As soon as the sun is up, I would crank the same weed breaks, then move to outside and meter deeper structure areas and spend the next several hours working metered bass on structure, after I have determined what depth the bass are feeding in. Structure lures of choice are jigs, drop shot worms, structure spoons, swimbaits and big worms.

Late afternoon, depending on what I have learned form being on the water, I may go and crank the morning breaks or work the weed mats with a frog or or soft plastic creature.

We would more than likely not cross paths.

Tom

Pretty much everything I was going to say

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Your water temps are surface water, if the core water temps dropped 10 degrees over night the bass would go into shock and possibly die. Bass are used to the local environment and have learned to adjust to weather changes, one reason the adult size bass have moved to deeper water. The fry however can't go much deeper than 5 feet, so the young of the year are hidding in the weeds and juvenile bass are patrolling the shallow breaks.

Post spawn should be over for the bass if the surface and shallow spawning bays are in the 80's, bluegill and shad (if the lake has shad) could be finishing up their spawn however.

If it's been raining, then a front is passing through and wind should follow; post frontal conditions. Wind will mix the upper foot of warm water with the lower few feet and this push the young of the bass fingerlings, bluegill and shad spawn deeper into protected areas sheltered from the wind.

The adult size bass that have moved into deeper water are your best choice; they should be active and fully recovered from post spawn.

The bass near the bank could be still hunting shallow prey from the low light period looking for an easy meal. I would target these bass at this seasonal period with a buzz bait and work the weed break line. If I get a few short strikes I might follow up with a soft jerk bait, if there is a ripple on thwe water.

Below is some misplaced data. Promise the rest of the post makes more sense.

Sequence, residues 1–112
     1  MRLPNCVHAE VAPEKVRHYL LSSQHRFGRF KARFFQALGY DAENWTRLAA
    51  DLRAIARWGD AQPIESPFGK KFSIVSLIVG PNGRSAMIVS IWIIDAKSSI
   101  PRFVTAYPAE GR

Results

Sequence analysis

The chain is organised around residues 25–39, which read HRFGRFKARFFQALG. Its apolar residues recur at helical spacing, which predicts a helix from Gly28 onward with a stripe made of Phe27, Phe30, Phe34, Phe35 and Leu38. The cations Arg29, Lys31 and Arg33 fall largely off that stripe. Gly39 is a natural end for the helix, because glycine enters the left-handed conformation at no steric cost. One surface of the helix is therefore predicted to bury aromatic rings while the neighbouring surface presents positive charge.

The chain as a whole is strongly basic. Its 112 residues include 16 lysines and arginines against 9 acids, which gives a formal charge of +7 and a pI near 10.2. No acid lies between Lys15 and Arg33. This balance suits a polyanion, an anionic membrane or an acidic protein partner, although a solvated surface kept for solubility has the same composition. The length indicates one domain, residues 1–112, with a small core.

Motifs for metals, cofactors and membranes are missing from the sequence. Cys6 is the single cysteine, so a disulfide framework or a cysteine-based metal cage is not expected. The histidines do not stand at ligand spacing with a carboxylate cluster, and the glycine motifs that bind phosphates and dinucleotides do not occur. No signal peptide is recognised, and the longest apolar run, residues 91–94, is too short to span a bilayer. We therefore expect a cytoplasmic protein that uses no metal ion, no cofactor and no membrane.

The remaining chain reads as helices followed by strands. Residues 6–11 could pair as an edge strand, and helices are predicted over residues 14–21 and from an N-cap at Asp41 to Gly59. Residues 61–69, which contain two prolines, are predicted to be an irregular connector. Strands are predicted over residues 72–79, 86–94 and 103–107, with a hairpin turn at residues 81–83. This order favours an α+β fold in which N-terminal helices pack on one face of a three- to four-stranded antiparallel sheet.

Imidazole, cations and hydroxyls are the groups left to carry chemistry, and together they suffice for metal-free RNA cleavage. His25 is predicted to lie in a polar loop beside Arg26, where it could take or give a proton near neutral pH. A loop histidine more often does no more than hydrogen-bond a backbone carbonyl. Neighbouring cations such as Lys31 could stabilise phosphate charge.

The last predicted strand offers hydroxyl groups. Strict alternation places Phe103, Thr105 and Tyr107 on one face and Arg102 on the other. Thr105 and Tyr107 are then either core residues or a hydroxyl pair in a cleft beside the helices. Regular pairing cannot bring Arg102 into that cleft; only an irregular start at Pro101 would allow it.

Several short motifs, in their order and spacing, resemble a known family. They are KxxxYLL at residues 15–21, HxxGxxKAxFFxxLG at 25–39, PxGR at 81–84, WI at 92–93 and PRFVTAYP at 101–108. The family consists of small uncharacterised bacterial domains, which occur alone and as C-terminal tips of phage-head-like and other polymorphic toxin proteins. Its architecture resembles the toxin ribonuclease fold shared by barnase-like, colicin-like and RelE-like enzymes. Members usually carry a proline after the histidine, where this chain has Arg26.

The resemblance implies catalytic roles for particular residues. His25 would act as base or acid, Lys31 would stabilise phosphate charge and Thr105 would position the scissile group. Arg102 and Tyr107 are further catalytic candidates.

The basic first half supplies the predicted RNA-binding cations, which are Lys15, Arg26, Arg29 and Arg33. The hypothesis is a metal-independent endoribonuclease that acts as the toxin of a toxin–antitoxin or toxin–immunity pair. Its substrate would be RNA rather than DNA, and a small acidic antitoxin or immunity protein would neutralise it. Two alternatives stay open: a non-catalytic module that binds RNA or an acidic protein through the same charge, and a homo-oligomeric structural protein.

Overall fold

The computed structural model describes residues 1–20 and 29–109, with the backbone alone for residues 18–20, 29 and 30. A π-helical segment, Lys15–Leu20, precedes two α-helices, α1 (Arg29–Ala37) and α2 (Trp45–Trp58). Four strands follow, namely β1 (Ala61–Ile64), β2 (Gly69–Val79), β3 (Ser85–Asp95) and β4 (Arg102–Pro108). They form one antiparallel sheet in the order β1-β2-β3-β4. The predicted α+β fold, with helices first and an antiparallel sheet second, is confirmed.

As soon as the sun is up, I would crank the same weed breaks, then move to outside and meter deeper structure areas and spend the next several hours working metered bass on structure, after I have determined what depth the bass are feeding in. Structure lures of choice are jigs, drop shot worms, structure spoons, swimbaits and big worms.

Late afternoon, depending on what I have learned form being on the water, I may go and crank the morning breaks or work the weed mats with a frog or or soft plastic creature.

We would more than likely not cross paths.

Tom

X2 as well.

Nice post WRB !!!

Other times I am focused on a c-rig after the am bite, 20-25 ft of water and just stay with that as well for the remainder of the day.

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I pretended my lake was a grass lake b/c thats what it is in my zone.

Interesting to hear some of your guys approaches to various styles of lakes

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A- Rob thats exactly why i made this. I would be interesting to have some other scenarios and see what people would do

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In the lake I fish if this scenario were to take place I would try finding some reeds or grass on the edge of deep water and usually during that cold spell I put on smaller lures. So I would tie on a small flippin jig and flip into the reeds and grass, especially if there is some wood around it. But again this will most likely vary in different parts of the country.

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Surprised nobody has said top water other than buzz bait! Chug bug, popper, spook would get my first cast on weedy points with flats a close second. I would then look at the ends of bluffy areas and flip a beaver style bait around any cover. From there, I would look at deeper points with a medium crank or shakey paying close attention to the graph looking for suspended bait and the depth they are mostly relating to and look to target those depths as I continue my search. Football jigs and scroungers would play a major part in my day!!